February 7, 2018
When a child or other family member is diagnosed with a disability, the question of how and where to access support for that family member can be overwhelming. Institutions also struggle with meeting the needs of their diverse constituents.
The newly instituted Jewish Family Navigator program, a resource for families coping with disabilities, aims to address this need from a communal perspective. The program, a partnership between AutismUp and the Jewish Federation of Greater Rochester with funding support from the Max and Marian Farash Charitable Foundation, launches on February 7, 2018.
This newly instituted service will link families in the Rochester Jewish community with needed services, consolidating information and referral and providing individual family consultations. The Jewish Family Navigator will also work with local Jewish institutions to support their efforts to be inclusive.
By Alex Howard, Spectrum News, December 11, 2017
PITTSFORD, N.Y. -- Israeli educator Ziva Babian was wowed by what she saw at Calkins Road Middle School, and not just by the snow.
"Everything is so big, so tall, so different. Even the classroom is very well-planned, but the kids are the same kids, but the things that you do with them is so different," said Babian.
"We all want to be educated, but in a different way. The ways that I've seen here are amazing, and I plan to take then with me to my school in Modi'in."
Babian is visiting the United States for the first time through a Jewish Federation of Rochester-sponsored program called Partnership2Gether, which promotes international cultural connections between students and educators.
By Pam Sherman, Democrat and Chronicle, Dec. 8, 2017
Last weekend, as I drove into the parking lot at Temple Brith K’odesh to drop off items for an event sponsored by the Refugee Committee of the Jewish Federation, I couldn’t help but think about my own paternal grandparents who came from Russia in the early 1920s.
My grandfather had been a doctor there, but he, my grandmother and my aunt left their home behind to come to America. They ended up moving to Staten Island, where my grandfather was eventually able to begin his practice, becoming the first doctor in the area to own a car for house calls.
Their journey was made easier by the Jewish community that welcomed them to this country. They went on to be one of the founding families of a small Jewish congregation that exists to this day on Staten Island.
Here in Rochester, the Jewish Federation’s event, Supporting Our Refugee Neighbors, was inspired by recent proposed changes in immigration rules. It’s part of a long legacy of the Jewish community supporting refugees.
By Meredith Dragon, Guest essayist
Democrat and Chronticle Dec. 6, 2017
Next week the Jewish community will be celebrating Chanukah.
At its core, Chanukah is a celebration of religious freedom. When the Chanukah lights are kindled for eight nights of the holiday, we are reminded of how fortunate we are to live free from religious persecution. There have been too many times in Jewish history when this was not the case.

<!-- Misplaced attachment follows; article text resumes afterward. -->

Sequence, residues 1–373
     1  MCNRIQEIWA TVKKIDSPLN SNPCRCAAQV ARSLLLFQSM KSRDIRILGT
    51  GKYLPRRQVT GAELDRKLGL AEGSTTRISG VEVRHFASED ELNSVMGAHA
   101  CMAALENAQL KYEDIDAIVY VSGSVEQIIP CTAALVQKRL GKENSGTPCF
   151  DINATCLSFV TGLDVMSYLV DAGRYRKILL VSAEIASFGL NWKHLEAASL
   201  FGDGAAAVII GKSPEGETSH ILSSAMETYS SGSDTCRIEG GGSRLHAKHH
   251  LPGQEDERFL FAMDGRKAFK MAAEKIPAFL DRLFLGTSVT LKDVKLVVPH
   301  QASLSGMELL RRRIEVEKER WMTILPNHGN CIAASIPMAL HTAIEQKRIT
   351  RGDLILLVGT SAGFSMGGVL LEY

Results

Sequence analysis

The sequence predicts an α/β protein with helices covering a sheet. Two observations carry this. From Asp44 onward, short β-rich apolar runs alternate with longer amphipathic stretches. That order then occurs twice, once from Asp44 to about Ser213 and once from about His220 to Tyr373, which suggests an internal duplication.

In celebrating our religious freedom, we understand that there are people who still suffer today from religious persecution. Because of our history, we are keenly aware of the importance of insuring the safety and well-being of all people.
December 6 marks a date in history when those who were pursuing religious freedom left an indelible mark. Thirty years ago on that date the Jewish community arrived in Washington to demand from Mikhail Gorbachev freedom for more than 1 million brutally oppressed Soviet Jews. It was the eve of the summit between Gorbachev and Ronald Reagan. Over 250,000 people from across the US marched on Washington in solidarity with people whom they had never met, but for whom they felt a primal duty and obligation to help.
13Wham News, December 3, 2017
Rochester, N.Y. (WHAM) - The local community came together Sunday to help refugees.
The Jewish Federation of Greater Rochester partnered with eight local agencies to collect supplies for local refugees Sunday.
People donated items like clothing, shoes and toiletries, to help refugees get on their feet.
Organizers say they did not know what to expect, but were overwhelmed with the turnout and the support they received.
Karen Elam with the Jewish Federation of Greater Rochester said "It completely blew away my expectations."
Messenger Post Media, Nov. 20, 2017
The Foundation of the Jewish Federation of Greater Rochester is one of nine organizations recently selected to join 43 others in a national Jewish legacy giving program that, to date, has secured more than 15,700 after-lifetime commitments with an estimated value of more than $500 million for communities across North America.
The Foundation, the planned giving program of Jewish Federation of Greater Rochester, will partner with Harold Grinspoon Foundation through Life & Legacy to start a community legacy giving program, creating a shared goal for the organizations to work toward.
“Life & Legacy is truly a game changer for our community,” said Don Onimus, program co-chairman. “It’s a tremendous opportunity for growth, and we can’t wait to get started.“